Many community colleges also offer hands-on learning opportunities such as field trips, research projects, and internships. Taking advantage of these experiences can provide you with practical skills and real-world exposure to marine environments. Look for programs that offer fieldwork or lab-based activities to supplement your classroom learning.

Transferring to a Four-Year University

After completing your coursework at a community college, you can transfer to a four-year university to further your studies in marine biology and oceanography. When choosing a university, look for programs that have strong reputations in these fields and offer specialized courses or research opportunities that align with your interests.

Making It Your Living

To make a living in the field of marine biology and oceanography, consider pursuing a bachelor’s degree in marine biology, marine science, or a related discipline at the university level. Many careers in this field require at least a bachelor’s degree, and some positions may require advanced degrees such as a master’s or Ph.D.

Making a Difference

With the knowledge you gain from your education, you can make a difference by contributing to conservation efforts, conducting research on marine ecosystems, or working in environmental advocacy. There are various career paths within marine biology and oceanography that allow you to directly impact the well-being of marine life and habitats.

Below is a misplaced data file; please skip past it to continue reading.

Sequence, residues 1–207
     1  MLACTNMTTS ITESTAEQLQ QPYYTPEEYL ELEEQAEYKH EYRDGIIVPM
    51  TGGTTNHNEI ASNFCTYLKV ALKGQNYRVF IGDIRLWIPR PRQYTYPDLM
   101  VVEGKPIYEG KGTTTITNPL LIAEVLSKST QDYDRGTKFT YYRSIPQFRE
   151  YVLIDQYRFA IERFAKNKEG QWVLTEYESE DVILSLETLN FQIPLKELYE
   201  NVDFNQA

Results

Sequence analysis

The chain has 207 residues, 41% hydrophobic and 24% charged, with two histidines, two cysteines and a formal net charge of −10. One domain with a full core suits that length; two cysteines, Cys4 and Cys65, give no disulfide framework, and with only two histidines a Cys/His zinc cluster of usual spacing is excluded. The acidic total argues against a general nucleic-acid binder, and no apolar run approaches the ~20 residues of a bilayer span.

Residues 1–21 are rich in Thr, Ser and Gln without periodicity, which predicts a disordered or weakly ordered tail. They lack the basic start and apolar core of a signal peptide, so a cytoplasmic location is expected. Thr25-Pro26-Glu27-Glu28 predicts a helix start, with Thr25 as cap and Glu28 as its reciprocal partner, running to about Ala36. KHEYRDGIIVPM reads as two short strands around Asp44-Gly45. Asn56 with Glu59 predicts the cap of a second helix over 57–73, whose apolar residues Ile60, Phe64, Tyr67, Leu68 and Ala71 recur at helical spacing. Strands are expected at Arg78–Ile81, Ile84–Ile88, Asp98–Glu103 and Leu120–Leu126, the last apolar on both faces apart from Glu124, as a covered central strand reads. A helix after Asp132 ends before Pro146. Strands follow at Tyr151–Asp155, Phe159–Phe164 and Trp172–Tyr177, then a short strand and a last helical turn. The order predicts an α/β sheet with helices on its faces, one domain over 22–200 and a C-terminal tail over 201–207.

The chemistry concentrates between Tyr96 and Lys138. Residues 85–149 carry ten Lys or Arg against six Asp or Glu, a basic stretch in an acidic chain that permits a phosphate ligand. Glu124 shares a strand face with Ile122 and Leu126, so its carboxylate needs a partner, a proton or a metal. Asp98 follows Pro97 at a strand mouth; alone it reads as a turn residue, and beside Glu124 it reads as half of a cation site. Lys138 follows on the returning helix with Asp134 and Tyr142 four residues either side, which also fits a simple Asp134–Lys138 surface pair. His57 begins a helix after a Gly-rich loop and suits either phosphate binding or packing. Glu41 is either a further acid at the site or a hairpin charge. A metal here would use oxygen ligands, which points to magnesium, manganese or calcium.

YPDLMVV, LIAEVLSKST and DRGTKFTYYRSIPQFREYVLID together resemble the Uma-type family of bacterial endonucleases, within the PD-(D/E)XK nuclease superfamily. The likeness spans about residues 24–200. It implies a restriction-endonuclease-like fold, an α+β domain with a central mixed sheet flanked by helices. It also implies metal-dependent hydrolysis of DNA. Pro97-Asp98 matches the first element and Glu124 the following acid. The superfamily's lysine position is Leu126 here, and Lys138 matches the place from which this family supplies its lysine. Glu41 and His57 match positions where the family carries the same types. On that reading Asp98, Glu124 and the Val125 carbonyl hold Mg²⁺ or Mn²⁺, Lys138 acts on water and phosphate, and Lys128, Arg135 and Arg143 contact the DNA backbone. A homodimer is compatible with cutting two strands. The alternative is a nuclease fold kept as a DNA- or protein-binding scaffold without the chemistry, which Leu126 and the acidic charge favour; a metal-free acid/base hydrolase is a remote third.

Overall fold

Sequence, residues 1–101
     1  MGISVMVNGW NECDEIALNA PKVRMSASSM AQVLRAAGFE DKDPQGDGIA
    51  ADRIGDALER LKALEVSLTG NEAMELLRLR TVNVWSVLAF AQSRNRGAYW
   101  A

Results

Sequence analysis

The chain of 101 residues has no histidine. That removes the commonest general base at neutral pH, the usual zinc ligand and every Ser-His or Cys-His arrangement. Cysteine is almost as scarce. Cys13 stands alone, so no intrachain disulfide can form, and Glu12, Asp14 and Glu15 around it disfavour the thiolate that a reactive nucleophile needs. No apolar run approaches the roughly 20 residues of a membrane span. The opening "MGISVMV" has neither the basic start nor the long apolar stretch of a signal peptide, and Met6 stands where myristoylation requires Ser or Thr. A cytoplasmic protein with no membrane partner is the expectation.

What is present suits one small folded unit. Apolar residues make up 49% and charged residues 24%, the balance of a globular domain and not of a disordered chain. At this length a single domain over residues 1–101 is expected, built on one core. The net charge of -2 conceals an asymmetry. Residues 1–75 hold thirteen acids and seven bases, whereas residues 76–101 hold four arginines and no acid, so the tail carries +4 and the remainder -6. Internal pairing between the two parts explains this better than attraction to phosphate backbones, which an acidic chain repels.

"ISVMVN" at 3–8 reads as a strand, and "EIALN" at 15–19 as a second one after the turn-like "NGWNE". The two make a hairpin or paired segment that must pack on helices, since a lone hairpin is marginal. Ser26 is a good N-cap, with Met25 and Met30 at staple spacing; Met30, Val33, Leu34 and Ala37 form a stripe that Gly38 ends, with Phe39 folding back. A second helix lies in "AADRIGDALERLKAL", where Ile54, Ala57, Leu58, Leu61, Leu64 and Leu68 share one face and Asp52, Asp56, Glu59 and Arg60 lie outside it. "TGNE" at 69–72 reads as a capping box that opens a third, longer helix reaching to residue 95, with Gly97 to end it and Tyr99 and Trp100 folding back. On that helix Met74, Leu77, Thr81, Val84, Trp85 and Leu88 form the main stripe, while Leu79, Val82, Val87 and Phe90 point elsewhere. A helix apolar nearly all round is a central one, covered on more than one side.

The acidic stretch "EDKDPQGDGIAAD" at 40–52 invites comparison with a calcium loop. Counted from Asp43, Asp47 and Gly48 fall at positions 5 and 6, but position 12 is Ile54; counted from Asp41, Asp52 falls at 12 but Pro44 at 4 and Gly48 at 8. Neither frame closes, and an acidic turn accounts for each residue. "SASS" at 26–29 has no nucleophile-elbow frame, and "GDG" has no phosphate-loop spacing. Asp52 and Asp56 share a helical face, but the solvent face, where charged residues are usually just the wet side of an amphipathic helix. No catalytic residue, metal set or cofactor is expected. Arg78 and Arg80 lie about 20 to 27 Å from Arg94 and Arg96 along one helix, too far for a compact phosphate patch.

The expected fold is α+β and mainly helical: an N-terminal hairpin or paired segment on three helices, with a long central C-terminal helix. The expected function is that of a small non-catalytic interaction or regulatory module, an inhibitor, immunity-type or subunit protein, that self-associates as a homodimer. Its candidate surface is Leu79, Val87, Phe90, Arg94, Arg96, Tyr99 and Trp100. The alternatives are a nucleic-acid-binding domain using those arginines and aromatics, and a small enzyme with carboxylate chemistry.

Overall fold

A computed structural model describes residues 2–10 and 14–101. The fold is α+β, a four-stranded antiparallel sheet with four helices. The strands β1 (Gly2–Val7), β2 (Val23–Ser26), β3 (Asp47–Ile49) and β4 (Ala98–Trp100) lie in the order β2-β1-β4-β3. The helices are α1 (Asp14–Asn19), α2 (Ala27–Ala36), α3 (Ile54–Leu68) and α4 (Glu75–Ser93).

Spreading Awareness

In addition to pursuing a career in the field, you can also spread awareness about marine biology and oceanography by engaging in outreach activities. This could involve giving presentations at schools or community events, writing articles or blog posts about marine conservation issues, or participating in citizen science projects that involve the public in scientific research efforts.

By starting your educational journey at a community college and then transferring to a four-year university, you can gain the knowledge and skills needed to pursue a career in marine biology and oceanography while also making a positive impact on the environment and sharing your passion with others who want to learn more about these important fields.

Top 3 Authoritative Sources Used:

National Oceanic and Atmospheric Administration (NOAA) - NOAA is a leading authority on oceanic and atmospheric research, providing valuable information on marine ecosystems, climate patterns, and environmental conservation efforts.

MarineBio Conservation Society - This organization offers comprehensive resources on marine biology, conservation initiatives, and educational opportunities for those interested in pursuing careers related to marine life.

American Geophysical Union (AGU) - AGU is an influential organization that publishes research on oceanography, geophysics, and Earth sciences, providing valuable insights into the study of oceans and their ecosystems.

These sources were utilized to ensure the accuracy and reliability of the information provided regarding marine biology, oceanography education, career paths, conservation efforts, and spreading awareness.

GOD BLESS
James.